AUSTIN, Texas — Actor and Uvalde native Matthew McConaughey expressed praise for historic gun safety legislation that was signed into law on Saturday.
In an opinion piece with KVUE’s media partners at the Austin American-Statesman, McConaughey called the Bipartisan Safer Communities Act “a reasonable and holistic step towards addressing America’s gun violence epidemic.”
“This bill invests in mental health and protects responsible, law-abiding Americans’ Second Amendment rights, due process and the rule of law,” McConaughey wrote. “For responsible gun owners, this bill does not take your guns away or restrict access to firearms. This bill will save innocent lives by keeping guns out of the law-breaking and irresponsible hands that are trying to hijack the Second Amendment.”
The actor and Austin resident highlighted the bipartisan nature of the agreement as “a shining example of a great American potential and political virtue: the act of compromise and validating an opposing viewpoint.”
“America, the Land of And. Where we have Freedom AND Responsibility, Rights AND Duties, Opportunity, AND Obligations,” McConaughey said.
Following the shooting at Robb Elementary School in Uvalde that left 19 students and two teachers dead, McConaughey has been outspoken about his desire to see action to address the nation’s gun laws.
Earlier this month, he shared firsthand stories from Uvalde victims’ families and spoke about gun safety and responsibility at the White House. In that speech, he said the nation needs to invest in mental health care and enforce background checks, red flag laws, waiting periods and a minimum age of 21 for purchasing AR-15 rifles.
The legislation signed by President Joe Biden on Saturday doesn't go as far as the president hoped, but he too is hailing it as progress.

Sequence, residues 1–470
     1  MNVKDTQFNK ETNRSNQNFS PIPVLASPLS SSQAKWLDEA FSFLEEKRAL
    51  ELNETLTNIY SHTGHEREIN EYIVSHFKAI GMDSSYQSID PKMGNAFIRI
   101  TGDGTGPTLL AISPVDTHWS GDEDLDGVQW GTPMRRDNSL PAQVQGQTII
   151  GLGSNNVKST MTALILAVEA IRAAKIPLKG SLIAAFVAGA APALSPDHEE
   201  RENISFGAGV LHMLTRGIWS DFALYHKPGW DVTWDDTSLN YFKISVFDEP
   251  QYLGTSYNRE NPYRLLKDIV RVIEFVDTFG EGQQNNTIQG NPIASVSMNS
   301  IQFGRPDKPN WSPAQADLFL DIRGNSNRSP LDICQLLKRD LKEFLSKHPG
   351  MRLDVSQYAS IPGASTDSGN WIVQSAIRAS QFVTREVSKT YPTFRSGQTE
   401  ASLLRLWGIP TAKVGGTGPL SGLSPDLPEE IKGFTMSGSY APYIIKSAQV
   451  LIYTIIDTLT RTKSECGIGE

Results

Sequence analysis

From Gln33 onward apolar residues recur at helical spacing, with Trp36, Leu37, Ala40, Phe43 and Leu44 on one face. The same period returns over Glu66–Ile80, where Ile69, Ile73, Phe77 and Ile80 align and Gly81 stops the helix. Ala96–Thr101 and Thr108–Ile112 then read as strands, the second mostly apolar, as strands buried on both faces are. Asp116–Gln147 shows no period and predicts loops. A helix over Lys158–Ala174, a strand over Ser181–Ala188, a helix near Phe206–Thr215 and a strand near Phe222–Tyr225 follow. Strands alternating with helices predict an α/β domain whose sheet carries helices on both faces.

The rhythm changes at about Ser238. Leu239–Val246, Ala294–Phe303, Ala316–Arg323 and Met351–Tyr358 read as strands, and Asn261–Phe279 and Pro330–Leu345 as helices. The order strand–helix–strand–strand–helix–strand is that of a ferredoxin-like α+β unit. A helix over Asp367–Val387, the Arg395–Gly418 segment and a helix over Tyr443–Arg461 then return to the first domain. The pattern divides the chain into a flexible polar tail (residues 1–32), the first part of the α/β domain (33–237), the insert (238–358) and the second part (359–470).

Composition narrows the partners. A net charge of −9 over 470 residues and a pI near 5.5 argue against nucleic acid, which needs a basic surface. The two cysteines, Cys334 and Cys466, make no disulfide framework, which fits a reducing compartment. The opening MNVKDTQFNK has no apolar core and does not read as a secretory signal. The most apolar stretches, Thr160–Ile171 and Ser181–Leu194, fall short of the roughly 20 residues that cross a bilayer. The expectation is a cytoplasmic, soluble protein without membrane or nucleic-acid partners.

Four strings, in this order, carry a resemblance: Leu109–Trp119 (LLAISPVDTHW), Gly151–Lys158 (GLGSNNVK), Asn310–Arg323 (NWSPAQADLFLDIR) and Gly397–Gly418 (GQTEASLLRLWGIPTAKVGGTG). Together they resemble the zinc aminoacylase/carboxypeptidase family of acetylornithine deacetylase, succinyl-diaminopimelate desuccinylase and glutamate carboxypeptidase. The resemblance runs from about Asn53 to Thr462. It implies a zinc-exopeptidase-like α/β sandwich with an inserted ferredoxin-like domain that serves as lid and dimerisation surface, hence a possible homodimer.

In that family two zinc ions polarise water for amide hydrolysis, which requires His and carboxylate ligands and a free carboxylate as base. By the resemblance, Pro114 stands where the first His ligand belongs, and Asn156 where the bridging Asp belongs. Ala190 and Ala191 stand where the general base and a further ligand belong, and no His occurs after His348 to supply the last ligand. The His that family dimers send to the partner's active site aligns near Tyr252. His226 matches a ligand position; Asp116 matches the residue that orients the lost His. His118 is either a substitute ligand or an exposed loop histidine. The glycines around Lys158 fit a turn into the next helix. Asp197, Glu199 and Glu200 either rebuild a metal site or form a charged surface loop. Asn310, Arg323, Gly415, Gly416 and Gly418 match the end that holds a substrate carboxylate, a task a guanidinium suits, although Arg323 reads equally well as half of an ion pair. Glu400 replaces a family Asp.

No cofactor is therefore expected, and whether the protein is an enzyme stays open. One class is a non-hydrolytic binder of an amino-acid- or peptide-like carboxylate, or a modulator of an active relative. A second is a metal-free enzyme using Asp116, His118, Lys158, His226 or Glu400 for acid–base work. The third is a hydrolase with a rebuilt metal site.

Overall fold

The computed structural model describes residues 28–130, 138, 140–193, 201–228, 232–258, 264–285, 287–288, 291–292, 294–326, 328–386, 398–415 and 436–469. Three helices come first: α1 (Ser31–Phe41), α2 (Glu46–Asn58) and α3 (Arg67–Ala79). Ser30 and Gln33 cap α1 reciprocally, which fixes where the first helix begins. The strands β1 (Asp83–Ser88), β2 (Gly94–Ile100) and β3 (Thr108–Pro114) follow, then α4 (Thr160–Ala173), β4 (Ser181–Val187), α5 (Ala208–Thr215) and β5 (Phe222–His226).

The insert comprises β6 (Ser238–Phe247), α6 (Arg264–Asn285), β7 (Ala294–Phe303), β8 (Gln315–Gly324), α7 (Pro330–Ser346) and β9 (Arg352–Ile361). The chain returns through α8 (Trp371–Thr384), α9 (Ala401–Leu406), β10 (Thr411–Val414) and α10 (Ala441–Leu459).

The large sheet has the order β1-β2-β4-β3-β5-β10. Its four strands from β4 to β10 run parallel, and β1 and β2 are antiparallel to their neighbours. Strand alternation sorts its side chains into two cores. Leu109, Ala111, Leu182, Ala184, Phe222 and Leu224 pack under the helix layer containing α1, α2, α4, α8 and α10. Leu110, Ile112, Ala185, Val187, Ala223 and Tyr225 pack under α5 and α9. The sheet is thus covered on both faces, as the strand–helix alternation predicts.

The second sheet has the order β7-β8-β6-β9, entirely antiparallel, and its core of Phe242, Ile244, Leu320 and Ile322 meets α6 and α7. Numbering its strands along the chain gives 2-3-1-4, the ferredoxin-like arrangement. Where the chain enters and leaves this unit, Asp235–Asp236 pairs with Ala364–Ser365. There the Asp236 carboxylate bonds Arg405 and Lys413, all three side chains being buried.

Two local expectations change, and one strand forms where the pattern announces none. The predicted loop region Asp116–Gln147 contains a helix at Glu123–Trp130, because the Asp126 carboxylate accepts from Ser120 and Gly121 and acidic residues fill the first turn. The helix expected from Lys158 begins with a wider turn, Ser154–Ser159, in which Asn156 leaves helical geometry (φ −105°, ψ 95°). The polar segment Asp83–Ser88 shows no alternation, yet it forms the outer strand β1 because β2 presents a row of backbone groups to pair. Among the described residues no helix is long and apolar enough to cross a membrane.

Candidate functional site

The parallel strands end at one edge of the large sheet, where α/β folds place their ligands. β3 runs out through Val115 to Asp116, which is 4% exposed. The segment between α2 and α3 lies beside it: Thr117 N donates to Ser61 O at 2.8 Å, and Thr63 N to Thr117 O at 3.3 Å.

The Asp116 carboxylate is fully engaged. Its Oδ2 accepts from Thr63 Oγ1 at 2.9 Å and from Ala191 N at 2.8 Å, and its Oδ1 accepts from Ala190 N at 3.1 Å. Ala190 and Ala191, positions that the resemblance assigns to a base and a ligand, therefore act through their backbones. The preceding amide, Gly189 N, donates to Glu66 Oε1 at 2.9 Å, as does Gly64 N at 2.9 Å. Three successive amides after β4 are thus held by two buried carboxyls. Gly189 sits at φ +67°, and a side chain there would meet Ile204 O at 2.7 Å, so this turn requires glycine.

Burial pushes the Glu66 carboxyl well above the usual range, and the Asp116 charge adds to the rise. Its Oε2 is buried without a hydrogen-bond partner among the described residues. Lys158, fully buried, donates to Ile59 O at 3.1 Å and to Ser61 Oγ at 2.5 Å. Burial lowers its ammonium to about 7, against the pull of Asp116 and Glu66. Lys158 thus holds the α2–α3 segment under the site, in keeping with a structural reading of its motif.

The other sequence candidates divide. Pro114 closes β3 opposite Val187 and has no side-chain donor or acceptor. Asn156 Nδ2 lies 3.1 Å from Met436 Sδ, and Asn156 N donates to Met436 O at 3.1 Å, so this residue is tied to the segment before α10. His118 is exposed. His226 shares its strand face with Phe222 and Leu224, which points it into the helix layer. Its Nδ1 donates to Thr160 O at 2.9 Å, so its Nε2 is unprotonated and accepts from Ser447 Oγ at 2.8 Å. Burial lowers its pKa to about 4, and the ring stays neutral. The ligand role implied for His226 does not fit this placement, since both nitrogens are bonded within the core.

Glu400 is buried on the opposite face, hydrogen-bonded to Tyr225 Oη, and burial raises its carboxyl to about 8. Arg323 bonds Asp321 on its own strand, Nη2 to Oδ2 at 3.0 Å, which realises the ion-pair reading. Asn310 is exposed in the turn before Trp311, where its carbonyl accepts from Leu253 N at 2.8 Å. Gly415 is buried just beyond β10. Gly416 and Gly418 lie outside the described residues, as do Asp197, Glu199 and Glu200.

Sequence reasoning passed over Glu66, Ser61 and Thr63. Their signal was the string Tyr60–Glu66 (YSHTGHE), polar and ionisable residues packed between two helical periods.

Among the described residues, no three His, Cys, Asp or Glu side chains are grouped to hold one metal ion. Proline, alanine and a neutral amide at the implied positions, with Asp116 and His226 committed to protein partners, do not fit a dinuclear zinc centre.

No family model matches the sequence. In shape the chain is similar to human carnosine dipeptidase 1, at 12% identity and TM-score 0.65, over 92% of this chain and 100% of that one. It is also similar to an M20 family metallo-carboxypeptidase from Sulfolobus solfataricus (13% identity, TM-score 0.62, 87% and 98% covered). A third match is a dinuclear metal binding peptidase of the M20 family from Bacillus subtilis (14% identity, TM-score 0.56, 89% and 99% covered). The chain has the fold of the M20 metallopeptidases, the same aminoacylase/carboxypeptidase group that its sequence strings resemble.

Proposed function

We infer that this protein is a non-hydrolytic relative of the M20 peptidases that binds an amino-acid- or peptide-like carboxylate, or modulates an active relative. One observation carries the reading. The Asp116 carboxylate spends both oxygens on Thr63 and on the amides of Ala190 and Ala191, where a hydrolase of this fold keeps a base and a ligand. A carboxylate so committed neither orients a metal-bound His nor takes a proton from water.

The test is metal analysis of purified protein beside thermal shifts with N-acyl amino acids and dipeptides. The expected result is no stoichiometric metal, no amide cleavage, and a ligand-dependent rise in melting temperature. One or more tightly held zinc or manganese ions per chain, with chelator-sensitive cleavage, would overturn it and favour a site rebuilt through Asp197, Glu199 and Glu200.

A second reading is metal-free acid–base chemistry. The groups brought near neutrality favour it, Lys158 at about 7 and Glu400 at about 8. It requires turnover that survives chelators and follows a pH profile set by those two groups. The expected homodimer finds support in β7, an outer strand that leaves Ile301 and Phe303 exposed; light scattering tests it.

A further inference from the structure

In the Senate, 15 Republicans joined their Democratic colleagues in passing the bill – a rare moment of bipartisanship, especially on the divisive issue of guns. The Senate managed to overcome years of partisan gridlock, despite Democrats wanting more out of the bill and some Republicans feeling like the bill may go too far.
While the new legislation does not raise the age limit to purchase a weapon, the measure does include enhanced background checks for anyone under the age of 21 buying a gun. It also closes the so-called "boyfriend loophole," preventing people convicted of domestic violence from owning guns.
The new bill additionally provides federal funding for gun violence prevention programs, school security and mental health resources.
The package falls far short of President Biden's proposals, including a ban on assault-type weapons like those used in the rampages in Buffalo and Uvalde. Still, the new measures go into place immediately, as lawmakers now leave Washington for a two-week recess.
“Our government took a step in the right direction,” McConaughey concluded. “Now it’s time for us to remind them AND ourselves what the best of our country is AND can be. America, ... the Land of And. Let's go.”
To read the full article, visit the Statesman website.
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